- Aug 3, 2009
Where were you?
In my bespoke carved-out mountain hideout.
I can't remember at the time, did anyone actually call this image out for the TOTAL CRAP it clearly was?
Yes, I don't think European flights (we were going to Vienna) were initially affected at all. I just felt kind of numb flying out - I don't think I (and possibly most people) could really process it all at that time. Flying back a week later was more terrifying.Did you end up flying?
I remember in school the next day a girl called Emily crying because her dad worked in Canary Wharf and she thought it was going to happen to him.
Way to make it all about you, Emily.
As someone who was far too young to remember I can’t really think of a comparable event on that scale since. The wars in Iraq/Syria happened over months/years as opposed to unfolding over the course of a couple of hours. I suppose Manchester hit a BIT too close to home.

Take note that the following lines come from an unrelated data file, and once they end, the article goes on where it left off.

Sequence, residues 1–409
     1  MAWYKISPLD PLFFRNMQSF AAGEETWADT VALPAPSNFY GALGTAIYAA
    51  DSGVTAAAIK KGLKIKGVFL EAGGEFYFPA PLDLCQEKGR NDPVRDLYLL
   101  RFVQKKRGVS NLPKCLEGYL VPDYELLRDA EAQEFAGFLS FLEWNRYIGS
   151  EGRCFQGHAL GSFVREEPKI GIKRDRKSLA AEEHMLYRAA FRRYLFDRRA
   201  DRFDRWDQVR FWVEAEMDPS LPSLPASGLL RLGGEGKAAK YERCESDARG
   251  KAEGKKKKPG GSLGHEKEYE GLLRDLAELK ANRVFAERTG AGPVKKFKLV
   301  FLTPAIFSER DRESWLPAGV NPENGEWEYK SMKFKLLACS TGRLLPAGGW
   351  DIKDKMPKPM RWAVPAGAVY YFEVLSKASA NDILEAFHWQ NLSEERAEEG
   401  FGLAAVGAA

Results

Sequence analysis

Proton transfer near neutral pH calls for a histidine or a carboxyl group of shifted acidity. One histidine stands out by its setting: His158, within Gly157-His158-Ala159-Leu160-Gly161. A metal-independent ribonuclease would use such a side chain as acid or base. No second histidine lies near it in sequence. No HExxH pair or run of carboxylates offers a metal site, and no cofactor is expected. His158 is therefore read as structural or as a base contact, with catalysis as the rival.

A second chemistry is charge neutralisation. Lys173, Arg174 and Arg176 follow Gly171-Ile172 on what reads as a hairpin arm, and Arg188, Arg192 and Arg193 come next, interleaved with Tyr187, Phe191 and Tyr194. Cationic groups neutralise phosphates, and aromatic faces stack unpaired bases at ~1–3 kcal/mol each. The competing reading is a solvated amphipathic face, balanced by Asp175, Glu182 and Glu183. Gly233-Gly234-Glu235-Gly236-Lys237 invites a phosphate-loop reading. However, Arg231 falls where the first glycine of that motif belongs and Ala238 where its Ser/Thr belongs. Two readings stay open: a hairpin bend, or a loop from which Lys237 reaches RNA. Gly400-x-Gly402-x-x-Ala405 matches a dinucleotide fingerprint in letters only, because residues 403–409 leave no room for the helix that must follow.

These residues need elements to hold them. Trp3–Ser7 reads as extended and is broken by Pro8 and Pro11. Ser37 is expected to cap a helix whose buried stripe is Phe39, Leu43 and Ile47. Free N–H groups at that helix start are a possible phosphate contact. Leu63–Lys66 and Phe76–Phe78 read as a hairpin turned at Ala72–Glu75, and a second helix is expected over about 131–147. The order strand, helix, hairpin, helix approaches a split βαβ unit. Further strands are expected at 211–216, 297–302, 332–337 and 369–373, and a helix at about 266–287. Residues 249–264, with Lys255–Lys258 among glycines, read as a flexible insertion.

I feel like that was more expected. That said a day after London won the Olympics was pretty savage.
Walking home from school age 13, bumped into a friend who told me about it and I totally didn't believe two massive buildings would just "fall down" so thought he was exaggerating or got the facts slightly wrong. Was then pretty dumbfounding watching it when I got home. I still can't quite believe the footage to this day.
The events of the day were terrible but the US’s reaction is the real legacy of 9/11Nothing prepared me for the footage of the buildings collapsing. It was horrific. I remember Bush's television address in which he basically said that the US would make no distinction between whoever was responsible and wherever (ie in which country) those people happened to be. Or to put it another way: brace yrselves, we didn't spend billions on these missiles for nothing. That was frightening in a different way.